Volunteering with SSI means coming into contact with people who are still learning English, but Maegan Williams has quickly learned that you don’t need to speak the same language in order to communicate.
The 25-year-old social work student said volunteering with SSI’s inclusive community gardening project, the Friendship Garden, had showed her how meaningful relationships and a shared purpose can help to create a sense of belonging for people who are new to Australia.
“A lack of shared language can be a barrier between people, but when you’re actually doing work together in the Friendship Garden there’s this whole other language that develops that doesn’t require words in order to communicate,” she said.
“One day, one of the men who work in the garden and I were staking the tomato vines, and after tying a bunch of the vines the man realised I had used the wrong type of tie. We played a bit of charades before I realised what the problem was, but he was able to show me the correct tie to use to ensure the stems were not cut as they continued to grow.
“We had a good laugh about it, and now I will always remember that you need to use a soft material tie when staking tomatoes. So I have not only learnt about gardening, but I’ve learnt how to overcome language and cultural barriers with others.”
Originally from Canada, Ms Williams moved back to Australia when she was five and lived in the regional town of Tamworth until finishing school.
“Growing up in rural NSW I did not have much contact with people who have come from a refugee background. It has been such a rich experience being able to hear small fragments of the stories that have led people to settle in Australia,” she said.
“I have really been encouraged by the perseverance and resilience of so many of the people within the program as many have had to make huge sacrifices to come to Australia and have been faced with many challenges once arriving here.”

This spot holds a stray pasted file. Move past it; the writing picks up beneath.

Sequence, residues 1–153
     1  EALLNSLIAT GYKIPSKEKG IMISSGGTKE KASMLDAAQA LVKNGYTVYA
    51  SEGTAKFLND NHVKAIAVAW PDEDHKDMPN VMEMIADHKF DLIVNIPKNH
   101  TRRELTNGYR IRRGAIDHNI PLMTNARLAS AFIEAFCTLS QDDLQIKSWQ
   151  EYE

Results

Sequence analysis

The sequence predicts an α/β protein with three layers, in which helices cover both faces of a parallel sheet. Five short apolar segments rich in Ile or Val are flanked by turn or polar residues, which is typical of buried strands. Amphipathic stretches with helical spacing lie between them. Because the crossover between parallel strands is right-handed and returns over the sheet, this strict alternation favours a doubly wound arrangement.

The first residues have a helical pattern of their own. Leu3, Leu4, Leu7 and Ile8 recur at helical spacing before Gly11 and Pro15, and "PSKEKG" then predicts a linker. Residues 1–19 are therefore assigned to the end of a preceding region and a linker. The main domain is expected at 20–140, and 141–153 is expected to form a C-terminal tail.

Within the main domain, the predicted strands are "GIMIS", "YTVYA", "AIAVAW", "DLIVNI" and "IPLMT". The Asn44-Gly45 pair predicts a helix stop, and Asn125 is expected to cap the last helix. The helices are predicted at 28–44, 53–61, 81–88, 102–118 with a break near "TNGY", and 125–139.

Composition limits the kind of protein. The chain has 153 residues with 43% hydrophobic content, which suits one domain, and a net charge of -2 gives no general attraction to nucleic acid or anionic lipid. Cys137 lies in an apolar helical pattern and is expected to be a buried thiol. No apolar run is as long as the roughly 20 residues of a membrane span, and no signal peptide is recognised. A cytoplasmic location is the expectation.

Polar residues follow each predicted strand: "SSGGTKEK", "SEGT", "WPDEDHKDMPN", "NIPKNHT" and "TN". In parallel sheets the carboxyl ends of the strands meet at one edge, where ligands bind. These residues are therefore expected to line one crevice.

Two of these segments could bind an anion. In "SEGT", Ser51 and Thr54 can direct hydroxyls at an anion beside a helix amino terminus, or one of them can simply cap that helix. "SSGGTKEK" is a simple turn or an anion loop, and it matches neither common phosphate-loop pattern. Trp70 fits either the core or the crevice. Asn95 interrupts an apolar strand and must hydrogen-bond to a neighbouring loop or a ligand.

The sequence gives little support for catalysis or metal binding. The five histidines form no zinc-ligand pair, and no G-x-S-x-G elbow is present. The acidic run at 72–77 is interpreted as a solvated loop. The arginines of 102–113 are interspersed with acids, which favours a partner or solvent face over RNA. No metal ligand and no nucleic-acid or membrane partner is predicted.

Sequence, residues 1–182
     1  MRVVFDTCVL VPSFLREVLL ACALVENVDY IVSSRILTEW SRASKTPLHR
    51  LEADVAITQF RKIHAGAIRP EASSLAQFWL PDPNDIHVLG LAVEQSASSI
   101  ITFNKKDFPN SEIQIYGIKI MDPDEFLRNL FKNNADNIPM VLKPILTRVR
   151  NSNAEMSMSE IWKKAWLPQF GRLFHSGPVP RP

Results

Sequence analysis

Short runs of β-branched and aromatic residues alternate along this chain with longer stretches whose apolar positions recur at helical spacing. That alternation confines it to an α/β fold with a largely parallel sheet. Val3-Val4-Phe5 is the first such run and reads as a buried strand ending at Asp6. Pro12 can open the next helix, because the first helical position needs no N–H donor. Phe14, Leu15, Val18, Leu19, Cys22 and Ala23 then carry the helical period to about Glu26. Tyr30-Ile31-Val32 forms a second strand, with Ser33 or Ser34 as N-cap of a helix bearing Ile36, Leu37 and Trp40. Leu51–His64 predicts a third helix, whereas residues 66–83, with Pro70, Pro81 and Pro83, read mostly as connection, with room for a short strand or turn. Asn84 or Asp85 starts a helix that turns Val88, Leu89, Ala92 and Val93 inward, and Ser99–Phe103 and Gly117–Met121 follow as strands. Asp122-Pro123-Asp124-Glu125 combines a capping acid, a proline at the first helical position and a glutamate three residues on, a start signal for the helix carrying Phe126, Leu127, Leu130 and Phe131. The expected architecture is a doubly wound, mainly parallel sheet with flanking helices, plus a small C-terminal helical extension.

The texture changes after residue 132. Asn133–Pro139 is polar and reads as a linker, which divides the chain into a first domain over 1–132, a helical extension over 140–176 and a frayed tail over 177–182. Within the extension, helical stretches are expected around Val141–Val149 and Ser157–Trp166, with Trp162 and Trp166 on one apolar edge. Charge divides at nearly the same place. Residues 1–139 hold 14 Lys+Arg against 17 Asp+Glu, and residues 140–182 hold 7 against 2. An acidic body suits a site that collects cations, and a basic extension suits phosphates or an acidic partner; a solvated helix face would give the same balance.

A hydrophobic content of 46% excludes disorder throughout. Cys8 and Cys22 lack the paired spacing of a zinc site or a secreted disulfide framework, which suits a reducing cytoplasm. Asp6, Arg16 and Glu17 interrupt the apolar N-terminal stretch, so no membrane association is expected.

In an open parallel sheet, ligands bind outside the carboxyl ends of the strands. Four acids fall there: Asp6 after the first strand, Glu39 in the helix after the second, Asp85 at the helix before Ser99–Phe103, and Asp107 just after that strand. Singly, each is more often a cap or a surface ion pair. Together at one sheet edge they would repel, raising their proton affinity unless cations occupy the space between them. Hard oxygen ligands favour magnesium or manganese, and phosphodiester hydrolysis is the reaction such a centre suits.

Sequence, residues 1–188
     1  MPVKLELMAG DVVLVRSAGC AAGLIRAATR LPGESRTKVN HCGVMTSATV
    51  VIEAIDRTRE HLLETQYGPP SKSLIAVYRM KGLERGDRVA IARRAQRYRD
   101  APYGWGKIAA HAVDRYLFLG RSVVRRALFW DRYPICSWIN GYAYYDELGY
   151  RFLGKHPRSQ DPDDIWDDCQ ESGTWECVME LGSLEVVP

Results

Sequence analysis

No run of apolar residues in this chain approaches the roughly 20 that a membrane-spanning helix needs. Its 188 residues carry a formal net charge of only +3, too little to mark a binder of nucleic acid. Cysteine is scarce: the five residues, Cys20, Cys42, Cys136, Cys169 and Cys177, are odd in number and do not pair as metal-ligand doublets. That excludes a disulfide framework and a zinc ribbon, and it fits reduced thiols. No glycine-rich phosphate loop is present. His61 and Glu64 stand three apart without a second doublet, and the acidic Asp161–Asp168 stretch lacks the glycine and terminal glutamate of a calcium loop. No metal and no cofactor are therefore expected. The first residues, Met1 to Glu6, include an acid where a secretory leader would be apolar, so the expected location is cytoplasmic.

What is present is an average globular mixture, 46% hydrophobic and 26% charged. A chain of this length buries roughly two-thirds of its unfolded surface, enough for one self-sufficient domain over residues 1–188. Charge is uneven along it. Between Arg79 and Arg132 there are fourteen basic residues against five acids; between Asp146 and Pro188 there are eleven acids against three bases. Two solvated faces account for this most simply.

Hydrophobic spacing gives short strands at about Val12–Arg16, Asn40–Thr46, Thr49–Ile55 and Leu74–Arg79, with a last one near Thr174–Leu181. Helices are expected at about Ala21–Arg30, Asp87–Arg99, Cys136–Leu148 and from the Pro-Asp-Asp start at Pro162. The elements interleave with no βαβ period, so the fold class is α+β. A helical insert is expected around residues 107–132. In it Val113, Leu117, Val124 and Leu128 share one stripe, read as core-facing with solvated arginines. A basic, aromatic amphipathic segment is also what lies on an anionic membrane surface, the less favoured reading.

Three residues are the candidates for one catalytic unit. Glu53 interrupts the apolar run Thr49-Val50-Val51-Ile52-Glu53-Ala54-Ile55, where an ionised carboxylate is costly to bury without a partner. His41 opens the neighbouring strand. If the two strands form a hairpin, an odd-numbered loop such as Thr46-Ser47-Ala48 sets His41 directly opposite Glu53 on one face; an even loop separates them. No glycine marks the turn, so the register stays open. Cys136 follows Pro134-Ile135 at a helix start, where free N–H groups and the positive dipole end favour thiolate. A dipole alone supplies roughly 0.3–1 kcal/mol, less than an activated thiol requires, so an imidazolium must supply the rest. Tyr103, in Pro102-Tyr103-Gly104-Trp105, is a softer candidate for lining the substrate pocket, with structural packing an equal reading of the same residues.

When Ms Williams began volunteering with SSI in 2016, she didn’t know much about working in the garden, but quickly realised it wasn’t the gardening itself that brought people back to the Friendship Garden.
“It’s the quality time you get to spend with one another and the friendships that continue to grow every week that keep people coming back. In between the weeding and watering, we share a tea and catch up on the weeks we have all had,” she said.
“One gardener has brought her own seeds in to grow corn from El Salvador and others have their own flower gardens they tend to. People take pride in their gardens, and it is always satisfying when we share lunch to have a salad made up of our own fresh produce!”
The garden gives people a chance to make connections over a shared common goal: making sure the plants grow and thrive, Ms Williams said.
“And that’s ultimately what we all want as well — to grow and thrive within our community, whether we have lived here our whole lives or if we have only just arrived to Australia.”
The SSI Volunteer Program draws on the skills and talents of community members who want to make a difference to the lives of people seeking asylum, refugees, humanitarian entrants and people with disability. Volunteers work in a range of roles that will suit a variety of interests, expertise and availabilities.
Click here to find out more about volunteering with SSI.